"Paying tribute to Maxine, Josh described her as a "hippie" said added she was a "breezy, brilliantly quirky firecracker of a mum."

"She was a complicated person and a contrast of many different things. She was thoughtful but impulsive, reserved and quiet on the one hand, creative, adventurous and able to attract attention on the other.

"She was very much an independent, free-spirited soul, and really was one of a kind.

"She was very much dancing to the beat of her own drum.

"She was quirky and eccentric, a lovely woman, well-meaning and kind. Mum was also genuine and straight talking. She was polite and never wished to harm anyone.

"She seemed to travel the universe with her feet very much off the ground- almost like she was not quite designed for this earth."She was enchanting and a mysterious sort of woman, real love for life."She was lovable and daft as a brush - like a fairy blowing in the wind."

He said she was the youngest of ten siblings and a "real rock."

The inquest had heard Maxine had worked on a trawler in the Shetland islands where she met Jake's father Mark Davison before returning to Plymouth with her children. Mr Arrow told the 11-strong jury at the start of the hearing it would be looking at five separate deaths.

He told them:" Some of you may be aware of the incident and the alleged perpetrator was the son of Maxine Davison."He too died that day - but you are not being asked to sit on his inquest at this stage. His will follow afterwards.

"You will not just hear evidence of the incident. A shotgun that was lawfully held by Jake Davison was used to kill five wholly innocent victims.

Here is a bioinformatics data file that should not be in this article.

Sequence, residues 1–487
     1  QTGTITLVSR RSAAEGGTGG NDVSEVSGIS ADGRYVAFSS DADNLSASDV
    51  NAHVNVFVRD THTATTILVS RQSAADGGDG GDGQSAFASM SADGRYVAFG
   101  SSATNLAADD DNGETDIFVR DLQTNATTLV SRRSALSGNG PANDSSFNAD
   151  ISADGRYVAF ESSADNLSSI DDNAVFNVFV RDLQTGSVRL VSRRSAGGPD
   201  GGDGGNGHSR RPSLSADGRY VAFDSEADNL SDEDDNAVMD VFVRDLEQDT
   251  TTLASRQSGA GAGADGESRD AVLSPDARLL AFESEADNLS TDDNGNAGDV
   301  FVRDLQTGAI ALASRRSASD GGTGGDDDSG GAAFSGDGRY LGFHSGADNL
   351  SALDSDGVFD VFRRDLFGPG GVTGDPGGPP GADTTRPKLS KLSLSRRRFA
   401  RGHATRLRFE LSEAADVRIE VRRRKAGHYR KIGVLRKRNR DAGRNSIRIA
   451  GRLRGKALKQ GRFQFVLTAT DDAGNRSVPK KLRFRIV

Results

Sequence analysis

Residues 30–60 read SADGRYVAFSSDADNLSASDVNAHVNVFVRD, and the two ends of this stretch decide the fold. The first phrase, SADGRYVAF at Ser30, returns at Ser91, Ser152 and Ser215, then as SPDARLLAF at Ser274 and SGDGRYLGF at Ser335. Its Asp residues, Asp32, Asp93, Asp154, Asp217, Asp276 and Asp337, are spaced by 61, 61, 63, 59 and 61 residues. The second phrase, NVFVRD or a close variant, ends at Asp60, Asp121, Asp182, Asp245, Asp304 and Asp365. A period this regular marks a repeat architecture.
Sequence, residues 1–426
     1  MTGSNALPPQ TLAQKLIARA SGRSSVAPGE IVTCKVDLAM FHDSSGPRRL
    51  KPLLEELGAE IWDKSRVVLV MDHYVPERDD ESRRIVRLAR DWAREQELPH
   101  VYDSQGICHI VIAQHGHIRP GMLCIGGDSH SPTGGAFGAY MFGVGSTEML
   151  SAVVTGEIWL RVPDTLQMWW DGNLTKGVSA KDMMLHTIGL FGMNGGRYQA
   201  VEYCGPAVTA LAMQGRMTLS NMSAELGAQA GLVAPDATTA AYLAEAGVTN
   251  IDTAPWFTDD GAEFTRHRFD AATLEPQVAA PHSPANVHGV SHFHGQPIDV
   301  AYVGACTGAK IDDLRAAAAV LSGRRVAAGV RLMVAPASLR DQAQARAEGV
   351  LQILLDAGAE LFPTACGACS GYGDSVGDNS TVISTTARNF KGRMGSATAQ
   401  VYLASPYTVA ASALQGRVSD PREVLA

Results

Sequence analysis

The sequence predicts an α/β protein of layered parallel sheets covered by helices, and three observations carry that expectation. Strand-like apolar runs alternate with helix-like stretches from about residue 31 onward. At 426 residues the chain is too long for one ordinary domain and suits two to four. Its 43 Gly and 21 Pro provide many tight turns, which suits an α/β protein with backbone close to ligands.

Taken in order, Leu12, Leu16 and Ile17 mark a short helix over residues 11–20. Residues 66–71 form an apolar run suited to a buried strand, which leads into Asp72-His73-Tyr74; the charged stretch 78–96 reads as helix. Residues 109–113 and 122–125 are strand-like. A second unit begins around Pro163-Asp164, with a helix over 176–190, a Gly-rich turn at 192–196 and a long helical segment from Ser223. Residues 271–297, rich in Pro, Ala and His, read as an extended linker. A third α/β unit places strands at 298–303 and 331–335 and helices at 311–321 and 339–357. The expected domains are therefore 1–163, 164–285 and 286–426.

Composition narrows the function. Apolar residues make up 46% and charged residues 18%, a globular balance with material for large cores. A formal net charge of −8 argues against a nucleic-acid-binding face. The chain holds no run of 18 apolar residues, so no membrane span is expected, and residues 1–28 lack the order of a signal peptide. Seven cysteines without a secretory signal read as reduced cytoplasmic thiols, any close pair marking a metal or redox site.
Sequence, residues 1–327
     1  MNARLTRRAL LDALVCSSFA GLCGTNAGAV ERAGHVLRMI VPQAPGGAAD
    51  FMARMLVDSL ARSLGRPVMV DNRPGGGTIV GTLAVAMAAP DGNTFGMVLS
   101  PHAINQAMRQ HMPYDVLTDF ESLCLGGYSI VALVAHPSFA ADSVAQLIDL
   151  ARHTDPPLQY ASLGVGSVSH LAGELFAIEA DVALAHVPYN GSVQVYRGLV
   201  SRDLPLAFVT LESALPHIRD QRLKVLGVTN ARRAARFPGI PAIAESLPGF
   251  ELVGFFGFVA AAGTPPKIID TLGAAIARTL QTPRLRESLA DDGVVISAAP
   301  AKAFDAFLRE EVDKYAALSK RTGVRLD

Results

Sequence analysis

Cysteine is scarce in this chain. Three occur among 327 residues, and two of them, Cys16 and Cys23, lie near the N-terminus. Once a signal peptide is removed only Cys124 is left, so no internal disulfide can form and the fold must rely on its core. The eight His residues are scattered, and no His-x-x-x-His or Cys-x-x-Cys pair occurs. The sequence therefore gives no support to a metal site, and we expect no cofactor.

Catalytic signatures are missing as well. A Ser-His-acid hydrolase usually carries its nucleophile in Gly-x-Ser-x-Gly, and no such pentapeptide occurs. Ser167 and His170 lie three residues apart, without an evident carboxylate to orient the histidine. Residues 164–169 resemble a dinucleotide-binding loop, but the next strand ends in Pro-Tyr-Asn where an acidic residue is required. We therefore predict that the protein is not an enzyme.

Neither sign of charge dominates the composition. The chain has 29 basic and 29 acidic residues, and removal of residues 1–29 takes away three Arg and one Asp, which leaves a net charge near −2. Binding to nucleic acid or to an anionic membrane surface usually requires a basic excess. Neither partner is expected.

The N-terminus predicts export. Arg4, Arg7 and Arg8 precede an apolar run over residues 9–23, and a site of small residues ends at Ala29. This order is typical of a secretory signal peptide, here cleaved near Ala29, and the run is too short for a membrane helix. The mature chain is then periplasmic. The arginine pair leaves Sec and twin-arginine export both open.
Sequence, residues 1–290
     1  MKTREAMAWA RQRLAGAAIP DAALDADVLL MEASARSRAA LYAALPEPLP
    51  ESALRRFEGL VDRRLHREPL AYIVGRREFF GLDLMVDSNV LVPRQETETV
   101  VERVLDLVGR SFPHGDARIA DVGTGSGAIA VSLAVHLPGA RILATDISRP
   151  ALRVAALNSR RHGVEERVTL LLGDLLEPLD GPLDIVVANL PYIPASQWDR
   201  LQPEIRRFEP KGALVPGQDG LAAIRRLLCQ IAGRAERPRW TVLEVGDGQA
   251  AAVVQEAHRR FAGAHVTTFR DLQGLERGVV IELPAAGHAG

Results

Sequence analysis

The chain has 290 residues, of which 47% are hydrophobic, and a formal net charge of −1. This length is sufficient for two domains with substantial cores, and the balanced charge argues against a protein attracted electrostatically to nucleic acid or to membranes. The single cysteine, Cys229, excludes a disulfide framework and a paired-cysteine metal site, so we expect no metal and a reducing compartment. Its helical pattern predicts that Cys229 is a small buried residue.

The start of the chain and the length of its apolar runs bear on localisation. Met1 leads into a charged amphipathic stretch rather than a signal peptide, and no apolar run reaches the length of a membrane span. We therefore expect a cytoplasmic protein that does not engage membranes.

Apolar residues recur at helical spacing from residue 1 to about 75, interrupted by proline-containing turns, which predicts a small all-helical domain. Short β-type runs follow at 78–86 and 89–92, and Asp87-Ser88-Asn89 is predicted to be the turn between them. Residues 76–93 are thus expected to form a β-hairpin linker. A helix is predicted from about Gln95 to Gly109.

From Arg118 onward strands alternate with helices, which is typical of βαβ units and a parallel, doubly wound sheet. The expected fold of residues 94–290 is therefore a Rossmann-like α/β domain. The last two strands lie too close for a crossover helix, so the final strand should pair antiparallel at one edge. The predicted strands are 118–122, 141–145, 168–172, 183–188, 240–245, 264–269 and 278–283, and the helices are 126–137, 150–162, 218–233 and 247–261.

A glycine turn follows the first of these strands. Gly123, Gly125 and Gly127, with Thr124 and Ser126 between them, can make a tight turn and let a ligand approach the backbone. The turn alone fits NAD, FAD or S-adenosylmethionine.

"You will also be hearing something of Mr Davison's background and the licence application he made for that gun."There was an occasion in 2020 when his shotgun licence was revoked and how a decision was made later to return the shotgun to him in 2021."Witnesses will be coming to explain those events to you in some details."

The coroner also addressed bereaved relatives at the inquest and added: "I am very sorry of the circumstances that have brought us here today. I do hope the inquest process provides answers to the many questions you have without adding any further to your distress."

The IOPC had previously confirmed it had issued a gross misconduct notice to a member of police staff and a misconduct notice to a police officer. It has also held an investigation into Devon and Cornwall Police for potential breaches of legislation in the running of its Firearms Licensing Unit.

The probe had earlier revealed Davison had been given his fireman back by cops under a sporting licence designed to be used for clay pigeon shooting.The police watchdog had earlier confirmed the killer first applied for a shotgun certificate in July 2017.

The application was then processed by Devon and Cornwall Police and a certificate was issued to him in January 2018, valid for five years.

It is understood that in March 2018, Davison legally purchased a shotgun but concern was first raised about his behaviour after he admitted attacking two youths in a park in Plymouth.

The inquest continues and will hear tributes from the families to the other victims this afternoon.